Front of mind - putting crude firmly on the radar

Chris Weston
Head of Research
7 July 2021
There are two distinct news themes working their way around the psyche of traders. Crude and broad Commodity moves, and China’s tech regulatory crackdown and interventionist stance.

Focusing in on energy, both SpotCrude and BrentCrude have been given a solid run from clients, where the positional skew is modestly favoured from the long side. Volatility and range expansion will always flash red for CFD traders and it feels like there's certainly more left in this story, so our energy markets should be front and centre.


Clearly, relations between the UAE and Saudi Arabia have been a major focal point. However, the first instinct was to react to the tightness in the physical Crude market (global inventories are drawing down close to 3m barrels a day) and when married with inaction from OPEC to increase output saw Brent Crude trade to $77.82 and SpotCrude $77.16.

Naturally, it wasn’t long before the outside world caught on, with condemnation heard from the US, China, and Europe, prompting a solid reversal in the crude price, all whom: 

  1. Don’t want crude to run too hot
  2. Obviously see huge implications from a deeply fragmented OPEC. 

This would turn to a rampant grab for market share and a collapse in the crude price – an outcome that would hold deeply negative implications for investment.

There's been some calls that the US could even use its Strategic Petroleum Reserves (SPR) to meet global demand – a draw card to get OPEC back to the table, where all the talk is when a new round of OPEC talks take place. However, it feels like any deal is cosmetic and short-term in nature with Saudi and Russia the power brokers and the architects of output, and this does not sit well with the UAE.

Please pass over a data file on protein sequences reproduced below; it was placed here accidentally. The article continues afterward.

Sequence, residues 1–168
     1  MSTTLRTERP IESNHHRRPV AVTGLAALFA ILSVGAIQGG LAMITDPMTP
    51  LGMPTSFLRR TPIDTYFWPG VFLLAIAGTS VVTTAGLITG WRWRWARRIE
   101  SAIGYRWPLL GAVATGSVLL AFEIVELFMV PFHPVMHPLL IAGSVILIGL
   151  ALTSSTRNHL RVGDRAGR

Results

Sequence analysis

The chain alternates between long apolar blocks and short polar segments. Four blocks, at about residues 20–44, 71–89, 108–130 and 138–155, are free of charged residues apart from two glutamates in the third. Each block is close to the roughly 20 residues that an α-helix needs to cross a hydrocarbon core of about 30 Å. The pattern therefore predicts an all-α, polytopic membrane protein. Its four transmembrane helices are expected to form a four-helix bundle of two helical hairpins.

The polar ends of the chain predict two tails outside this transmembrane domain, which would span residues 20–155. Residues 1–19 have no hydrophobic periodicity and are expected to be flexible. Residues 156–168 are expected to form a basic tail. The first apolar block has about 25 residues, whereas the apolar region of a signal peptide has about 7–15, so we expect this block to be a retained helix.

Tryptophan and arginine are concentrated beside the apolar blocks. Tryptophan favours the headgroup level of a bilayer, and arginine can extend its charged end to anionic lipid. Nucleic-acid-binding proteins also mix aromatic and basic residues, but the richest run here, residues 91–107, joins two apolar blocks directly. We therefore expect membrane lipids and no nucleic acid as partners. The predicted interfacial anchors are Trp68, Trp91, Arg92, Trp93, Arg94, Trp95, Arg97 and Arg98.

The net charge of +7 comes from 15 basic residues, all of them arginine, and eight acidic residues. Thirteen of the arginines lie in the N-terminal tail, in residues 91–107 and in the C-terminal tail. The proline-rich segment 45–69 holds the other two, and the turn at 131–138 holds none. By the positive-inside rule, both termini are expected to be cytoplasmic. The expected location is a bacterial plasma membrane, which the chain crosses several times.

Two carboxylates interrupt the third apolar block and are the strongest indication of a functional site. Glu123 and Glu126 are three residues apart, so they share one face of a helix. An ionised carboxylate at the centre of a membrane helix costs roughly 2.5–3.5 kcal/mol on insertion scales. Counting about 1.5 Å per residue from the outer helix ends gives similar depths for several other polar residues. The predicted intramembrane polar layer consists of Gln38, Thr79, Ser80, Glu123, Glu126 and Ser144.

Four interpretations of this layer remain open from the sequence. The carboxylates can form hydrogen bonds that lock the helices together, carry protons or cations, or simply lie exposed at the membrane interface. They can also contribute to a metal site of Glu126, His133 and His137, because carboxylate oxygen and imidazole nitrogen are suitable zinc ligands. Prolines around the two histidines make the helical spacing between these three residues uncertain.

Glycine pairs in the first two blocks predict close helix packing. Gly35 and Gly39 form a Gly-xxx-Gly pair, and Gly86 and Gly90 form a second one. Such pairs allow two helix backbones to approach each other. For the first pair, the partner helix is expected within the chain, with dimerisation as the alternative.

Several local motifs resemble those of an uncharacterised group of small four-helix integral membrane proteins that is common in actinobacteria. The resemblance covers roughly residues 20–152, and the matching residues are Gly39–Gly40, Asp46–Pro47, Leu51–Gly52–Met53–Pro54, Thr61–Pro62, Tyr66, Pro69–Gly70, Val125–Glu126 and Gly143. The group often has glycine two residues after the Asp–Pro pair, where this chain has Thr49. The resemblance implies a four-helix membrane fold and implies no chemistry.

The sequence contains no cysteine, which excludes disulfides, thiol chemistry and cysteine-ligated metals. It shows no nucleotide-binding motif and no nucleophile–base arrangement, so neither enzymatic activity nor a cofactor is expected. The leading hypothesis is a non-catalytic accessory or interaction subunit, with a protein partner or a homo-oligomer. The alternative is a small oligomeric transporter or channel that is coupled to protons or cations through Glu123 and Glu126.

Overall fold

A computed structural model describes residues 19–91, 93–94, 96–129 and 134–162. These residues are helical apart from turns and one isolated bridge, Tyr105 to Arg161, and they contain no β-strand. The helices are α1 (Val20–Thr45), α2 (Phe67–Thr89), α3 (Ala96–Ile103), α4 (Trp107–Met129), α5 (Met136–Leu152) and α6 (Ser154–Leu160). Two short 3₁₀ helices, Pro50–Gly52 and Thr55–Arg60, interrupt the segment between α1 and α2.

Recall, the UAE has made noises before that they may leave OPEC and as the cartels fourth-biggest player would like a more defined voice in shaping output levels – this seems fair as their economic model is being reconsidered to one less reliant on crude. Having external influences going someway to dictate your economics rarely sits well.

Moving forward

The news flow requires monitoring and we could see some lively moves in Crude until we get clarity of a new meeting and a potential output agreement - headlines should dictate price action in the near term. OPEC does have clear scope to increase output without causing a significant sell-off in the market and the fact that price has pulled back sharply a factor that international condemnation has seen traders’ price in a greater chance of future agreement. It's no certainty though and when there is uncertainty volatility is always present.


From a pure price action perspective, we saw price close below Monday’s low, subsequently printing a bearish reversal – follow-through selling could be telling and open a move to $73.09 (the 20-day MA) and $72.91 (50% of the 20-day range), ahead of the 29 June low of $72.23. A break here could see volatility really pick up and see price fall to the $$69.00/68.50.

The bulls will want to see the price close higher than at least 50% of yesterdays $77.16 - $73.12 range (at $75.15) in the session ahead to offer confidence that the market structure has not changed too dramatically, as it feels like the bears have the upper hand.

Energy is a must-watch space and with changing dynamics at play, how this unfolds is not just fascinating but could hold huge implications for broad markets, as well as economics.

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